Samuel C. Harvey, who grew up on a farm in Washington, Connecticut, graduated
from Yale Medical School in 1911. Afterwards, he trained with Cushing at the
Peter Bent Brigham Hospital and served with Cushing in the Harvard Unit in
France in World War I. For 23 years, Harvey was chairman of the Yale
Department of Surgery and Chief Surgeon of New Haven Hospital and then Grace-
New Haven Hospital. An avid historian, Harvey authored a number historical
articles and actively incorporated history into his surgical teaching. At the
time of his death he was a member of the new Department of History of Medicine
and was working on a general history of surgery. He was greatly admired for
his directness, integrity, quickness and brilliance of mind, and Yankee wit.
of the most important works on military surgery during the 18th century. Ravaton,
a skilful army surgeon, was the first to employ a tin boot, suspended on four
rings for the ‘hanging’ position of broken bones. He was also the first to adopt
the double-flap method in amputations.” (Garrison & Morton, 5th ed.) Works of
surgery were among Samuel Harvey’s major collecting interests.
Paris: P. Théophile Barrois le jeune, 1768.
Gift of Samuel C. Harvey
Samuel Clark Harvey
Fund bookplate, 12 x 9cm |
Samuel Clark Harvey Fund bookplate used for purchasing current books on
surgery for the Medical Library.
George Milton Smith bequeathed to the Historical Library in 1951 a magnificent
collection of works on marine biology, especially ichthyology, including many
fine illustrated works of the 16th and 17th centuries. Smith was a graduate of
Yale College (1901) and received his M.D. from Columbia University. In World
War I he served with the Yale Unit overseas (Mobile Hospital No. 39). Between
the wars, he practiced medicine in Waterbury, Connecticut. His very active and
significant research career focused on cancer, including comparative pathology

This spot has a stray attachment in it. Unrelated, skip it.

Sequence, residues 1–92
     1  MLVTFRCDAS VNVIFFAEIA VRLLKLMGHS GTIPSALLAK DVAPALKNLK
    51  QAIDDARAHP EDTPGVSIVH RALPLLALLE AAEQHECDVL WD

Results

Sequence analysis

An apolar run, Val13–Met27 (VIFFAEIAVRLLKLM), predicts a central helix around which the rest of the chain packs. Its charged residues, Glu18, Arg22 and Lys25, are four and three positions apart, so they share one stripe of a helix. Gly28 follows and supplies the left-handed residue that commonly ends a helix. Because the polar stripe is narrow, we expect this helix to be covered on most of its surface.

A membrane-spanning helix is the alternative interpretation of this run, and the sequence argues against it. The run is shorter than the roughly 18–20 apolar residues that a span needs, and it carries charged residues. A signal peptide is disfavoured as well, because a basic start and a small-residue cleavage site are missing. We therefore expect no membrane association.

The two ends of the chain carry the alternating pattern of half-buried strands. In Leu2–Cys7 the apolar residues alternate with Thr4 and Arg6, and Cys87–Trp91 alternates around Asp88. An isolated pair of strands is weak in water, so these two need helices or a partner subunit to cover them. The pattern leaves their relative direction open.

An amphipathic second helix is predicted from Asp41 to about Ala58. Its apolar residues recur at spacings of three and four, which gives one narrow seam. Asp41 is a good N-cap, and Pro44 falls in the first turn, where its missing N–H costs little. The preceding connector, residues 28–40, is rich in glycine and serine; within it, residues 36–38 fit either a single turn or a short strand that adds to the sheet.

of tumors in animals, and industrial medicine. From 1933 on, he was a research
associate of the Yale Department of Anatomy. With their common bibliophilic interests,
Smith and Cushing became good friends in the 1930s, and Cushing encouraged him
to leave his treasures to Yale.
Animantium terrestrium, volatilium, et aquatilium effigies ad vivum depictae.
[Images of Terrestrial, Flying, and Aquatic Animals Depicted from Nature].
Frankfurt: Heirs of C. Egenolph, 1562.
This is one of two early bestiaries donated by George Milton Smith as part of
his ichthyology collection. The woodcuts, colored by hand, depict animals with
their names printed above in Latin and German.
|Bookplate of George Milton Smith found in all of the books that he donated.
Milton Smith bookplate
4.5 x 4.5 cm
Gertrude Van Wagenen, a Yale research
scientist, bequeathed, through her brother, Anthony van Wagenen, her marvelous
collection of illustrated anatomical works as well as goiter dolls and ivory
anatomical manikins. Married to Crawford F. Failey, M.D., who inherited great
wealth, she began collecting on travels abroad in the 1920s. Van Wagenen obtained
her Ph.D. at the University of Iowa in 1919. Beginning in 1931, commuting from
her home in New York City, she established a research laboratory and colony of
macaque monkeys, at Yale, and carried out pioneering research on the reproductive
biology of primates. Her modest official title as Research Associate in the Department
of Obstetrics and Gynecology and Lecturer in Anatomy, belied her many scientific
achievements. Van Wagenen’s collection
included several triple folio works such as the eighteenth-century color mezzotints
of anatomies by Jacques Gautier d’Agoty.
This is an edition of one of the smaller-format anatomies
donated by Dr. Van Wagenen, noted for its beautiful copperplate engravings. Casseri,
an accomplished Italian professor of anatomy, was especially known for his research
on the comparative anatomy of the larynx.
Cesare Casseri, ca. 1552-1616.
Tabvlae anatomicae LXXIIXX: omnes nouae nec ante hac visae.
Frankfurt : Impensis & Coelo Matthaei Meriani, 1632.
Anatomical Manikins |European
ivory anatomical manikins of a male and a pregnant female, 17th century, donated
by Gertrude van Wagenen.
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